Where is The Chesterfield King?!?! (2001)

by | Sep 13, 2006 | DVD & Blu-ray Video Reviews | 0 comments

Where is The Chesterfield King?!?! (2001)

Starring:  Mike Boise, Andy Babiuk, Ted Okolowicz, Jeff Okolowicz, Greg Prevost
Studio:  MVD Music Video Distributors Inc.
Video:  1.33:1 Full Frame
Audio:  DD 5.1; DD Stereo
Extras:  Movie Trailer; Music Video “Where Do We Go From Here?”; Live with the Chesterfield Kings (Johnny Volume; Somethin’ Else; Rock n’ Roll Murder; Freak-Out) – 10 min; From the Film Premiere (13 min).
Length:  70 minutes
Rating:  * Film, *** Music

This B-movie begins with an android, Andro, and he has plans to ruin The Chesterfield King’s musical appearance.  (Keep in mind that the viewer is instructed that all that follows is based on true events.)  First Andro goes into a clothing store and tramples on the sales clerk so he can assume his place and confront the band spouting a bunch of silly nonsense: “I understand…” over and over.  Of course the band’s treatment of him is just about as bad.  Andro has all sorts of powers of transportation, telekinesis, and mind control (which makes you wonder why he doesn’t just join the band–as he desires–by way of fooling the band members).  People pop in and out and although what is happening makes sense it won’t prevent the viewer from thinking this farce is stupid.  Andro kidnaps a guy from the band and the other members go all over the world in search of him via their magic door that can transport them instantaneously to other places.  The clock is running out as the band has a performance later that evening.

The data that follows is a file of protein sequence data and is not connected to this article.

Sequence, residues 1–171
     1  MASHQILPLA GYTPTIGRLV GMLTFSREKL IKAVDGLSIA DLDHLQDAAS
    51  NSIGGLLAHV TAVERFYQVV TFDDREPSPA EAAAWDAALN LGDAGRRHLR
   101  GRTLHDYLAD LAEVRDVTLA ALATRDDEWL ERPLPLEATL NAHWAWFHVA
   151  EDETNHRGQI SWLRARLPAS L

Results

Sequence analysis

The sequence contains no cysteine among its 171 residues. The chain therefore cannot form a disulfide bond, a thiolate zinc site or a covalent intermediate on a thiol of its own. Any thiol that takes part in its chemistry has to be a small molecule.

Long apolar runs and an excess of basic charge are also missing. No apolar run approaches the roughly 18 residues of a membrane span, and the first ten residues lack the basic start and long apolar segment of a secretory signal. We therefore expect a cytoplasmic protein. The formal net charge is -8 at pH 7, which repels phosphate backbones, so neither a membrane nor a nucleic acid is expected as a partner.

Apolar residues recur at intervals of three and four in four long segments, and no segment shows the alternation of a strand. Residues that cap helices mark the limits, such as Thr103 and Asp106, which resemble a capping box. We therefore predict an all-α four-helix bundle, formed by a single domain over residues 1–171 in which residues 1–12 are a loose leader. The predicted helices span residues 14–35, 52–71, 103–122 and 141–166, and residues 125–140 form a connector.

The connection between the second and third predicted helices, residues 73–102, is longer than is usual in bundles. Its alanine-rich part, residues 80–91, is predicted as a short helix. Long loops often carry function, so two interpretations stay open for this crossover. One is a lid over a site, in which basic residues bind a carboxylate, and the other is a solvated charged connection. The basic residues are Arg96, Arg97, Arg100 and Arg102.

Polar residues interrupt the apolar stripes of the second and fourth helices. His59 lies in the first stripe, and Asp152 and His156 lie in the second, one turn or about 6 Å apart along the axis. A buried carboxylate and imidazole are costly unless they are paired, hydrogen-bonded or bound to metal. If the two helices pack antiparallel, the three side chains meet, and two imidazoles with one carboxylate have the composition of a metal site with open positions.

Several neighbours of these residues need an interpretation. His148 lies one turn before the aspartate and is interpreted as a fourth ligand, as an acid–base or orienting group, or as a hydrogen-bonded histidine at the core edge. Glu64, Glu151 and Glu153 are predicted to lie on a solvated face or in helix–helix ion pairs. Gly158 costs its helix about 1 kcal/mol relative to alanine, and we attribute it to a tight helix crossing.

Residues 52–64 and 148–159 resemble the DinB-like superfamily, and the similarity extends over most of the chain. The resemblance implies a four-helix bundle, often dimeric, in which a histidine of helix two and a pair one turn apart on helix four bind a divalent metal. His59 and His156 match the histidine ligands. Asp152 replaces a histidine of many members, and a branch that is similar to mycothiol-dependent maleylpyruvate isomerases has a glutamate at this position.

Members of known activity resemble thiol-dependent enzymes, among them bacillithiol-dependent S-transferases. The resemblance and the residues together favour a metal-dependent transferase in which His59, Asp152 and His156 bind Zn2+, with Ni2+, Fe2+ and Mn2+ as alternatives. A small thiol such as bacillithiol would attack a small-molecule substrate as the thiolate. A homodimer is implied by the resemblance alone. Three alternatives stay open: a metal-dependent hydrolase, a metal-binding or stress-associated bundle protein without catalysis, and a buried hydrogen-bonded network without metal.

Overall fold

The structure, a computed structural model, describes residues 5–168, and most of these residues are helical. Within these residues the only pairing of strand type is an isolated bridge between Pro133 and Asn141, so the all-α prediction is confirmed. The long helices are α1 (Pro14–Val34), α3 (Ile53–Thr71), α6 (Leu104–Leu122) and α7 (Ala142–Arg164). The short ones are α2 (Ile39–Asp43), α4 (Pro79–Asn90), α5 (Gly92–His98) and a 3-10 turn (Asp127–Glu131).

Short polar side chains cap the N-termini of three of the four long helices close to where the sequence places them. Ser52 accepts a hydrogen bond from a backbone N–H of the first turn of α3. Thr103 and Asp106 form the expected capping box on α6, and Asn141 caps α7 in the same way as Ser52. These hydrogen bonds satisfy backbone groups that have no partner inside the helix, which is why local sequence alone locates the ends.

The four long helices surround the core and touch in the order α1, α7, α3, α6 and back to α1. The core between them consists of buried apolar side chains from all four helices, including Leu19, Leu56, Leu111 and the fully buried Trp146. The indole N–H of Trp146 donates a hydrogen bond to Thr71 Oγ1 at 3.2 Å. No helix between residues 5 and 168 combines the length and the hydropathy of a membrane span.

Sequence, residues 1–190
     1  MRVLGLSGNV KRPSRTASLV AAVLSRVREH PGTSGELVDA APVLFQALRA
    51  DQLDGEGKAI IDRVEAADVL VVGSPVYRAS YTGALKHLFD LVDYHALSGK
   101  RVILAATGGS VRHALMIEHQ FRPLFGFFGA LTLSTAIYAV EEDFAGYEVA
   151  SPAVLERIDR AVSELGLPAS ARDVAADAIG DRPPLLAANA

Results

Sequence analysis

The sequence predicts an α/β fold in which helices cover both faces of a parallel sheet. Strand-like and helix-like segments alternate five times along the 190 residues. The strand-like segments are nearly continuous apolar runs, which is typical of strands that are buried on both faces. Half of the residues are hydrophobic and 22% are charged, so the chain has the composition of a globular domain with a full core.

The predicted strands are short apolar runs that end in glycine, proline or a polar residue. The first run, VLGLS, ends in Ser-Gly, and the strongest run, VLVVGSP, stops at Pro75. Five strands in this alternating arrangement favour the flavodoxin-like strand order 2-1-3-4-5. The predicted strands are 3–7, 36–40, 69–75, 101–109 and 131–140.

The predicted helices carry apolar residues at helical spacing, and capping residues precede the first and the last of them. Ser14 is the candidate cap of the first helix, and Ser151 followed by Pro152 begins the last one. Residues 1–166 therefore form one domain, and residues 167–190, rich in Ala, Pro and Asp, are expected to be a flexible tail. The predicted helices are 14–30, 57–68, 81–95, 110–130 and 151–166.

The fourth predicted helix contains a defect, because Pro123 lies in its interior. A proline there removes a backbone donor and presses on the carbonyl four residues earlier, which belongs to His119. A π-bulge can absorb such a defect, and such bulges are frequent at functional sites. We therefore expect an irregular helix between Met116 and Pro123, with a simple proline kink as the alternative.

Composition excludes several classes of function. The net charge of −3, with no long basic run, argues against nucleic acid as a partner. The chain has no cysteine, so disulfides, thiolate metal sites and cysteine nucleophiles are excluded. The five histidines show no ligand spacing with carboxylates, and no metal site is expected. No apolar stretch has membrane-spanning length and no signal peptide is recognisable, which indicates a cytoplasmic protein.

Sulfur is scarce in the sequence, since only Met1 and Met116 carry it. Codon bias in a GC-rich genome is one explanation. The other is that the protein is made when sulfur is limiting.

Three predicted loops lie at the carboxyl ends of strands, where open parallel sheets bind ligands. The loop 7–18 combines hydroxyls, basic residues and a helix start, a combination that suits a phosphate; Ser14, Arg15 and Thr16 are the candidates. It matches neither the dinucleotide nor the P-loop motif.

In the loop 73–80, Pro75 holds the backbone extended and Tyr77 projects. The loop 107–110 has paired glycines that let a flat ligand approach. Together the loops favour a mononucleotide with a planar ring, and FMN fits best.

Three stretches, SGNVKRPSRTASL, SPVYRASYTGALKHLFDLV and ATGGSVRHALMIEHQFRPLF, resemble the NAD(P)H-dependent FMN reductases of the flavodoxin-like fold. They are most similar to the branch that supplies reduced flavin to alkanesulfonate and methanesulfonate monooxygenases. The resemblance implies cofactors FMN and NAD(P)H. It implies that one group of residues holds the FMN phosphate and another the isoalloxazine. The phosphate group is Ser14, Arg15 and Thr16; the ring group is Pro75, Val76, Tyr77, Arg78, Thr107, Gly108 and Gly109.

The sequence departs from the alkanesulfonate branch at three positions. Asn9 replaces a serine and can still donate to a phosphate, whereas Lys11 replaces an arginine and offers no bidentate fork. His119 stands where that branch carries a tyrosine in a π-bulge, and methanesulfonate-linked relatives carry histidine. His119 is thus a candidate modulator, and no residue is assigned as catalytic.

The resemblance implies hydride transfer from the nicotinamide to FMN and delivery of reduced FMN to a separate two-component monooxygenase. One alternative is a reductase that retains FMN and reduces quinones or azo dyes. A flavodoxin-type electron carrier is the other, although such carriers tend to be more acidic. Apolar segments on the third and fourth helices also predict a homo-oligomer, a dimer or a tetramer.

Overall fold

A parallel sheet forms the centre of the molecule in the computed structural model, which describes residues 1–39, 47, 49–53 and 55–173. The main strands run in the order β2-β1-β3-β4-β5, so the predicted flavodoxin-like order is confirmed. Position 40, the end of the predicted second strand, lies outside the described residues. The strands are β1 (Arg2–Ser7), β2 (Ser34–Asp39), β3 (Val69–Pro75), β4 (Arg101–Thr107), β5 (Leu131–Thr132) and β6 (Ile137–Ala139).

The video quality looks monochrome blue-green and the “film” is full of cheesy sets and ridiculous situations.  It’s shot on video but has the look of old 8mm film complete with lots of noise and fake scratches.  The acting is much worse than a student film and the plot isn’t much better.  Did they even rehearse their dialogue??  At times it was difficult to sit through.  The back cover of the DVD calls the movie “Ed Wood meets A Hard Days Night.”  In some ways the latter half remind me of the old Monkees televisions shows–only much worse.  The only redeeming quality is the music segments.  There are four pieces accessed from the extras as well with terrible video and poor sound quality.  The band’s music is rooted in the Rolling Stones and rock of the 70s, but unfortunately is not the focus of the film.  Viewer beware!

– Brian Bloom

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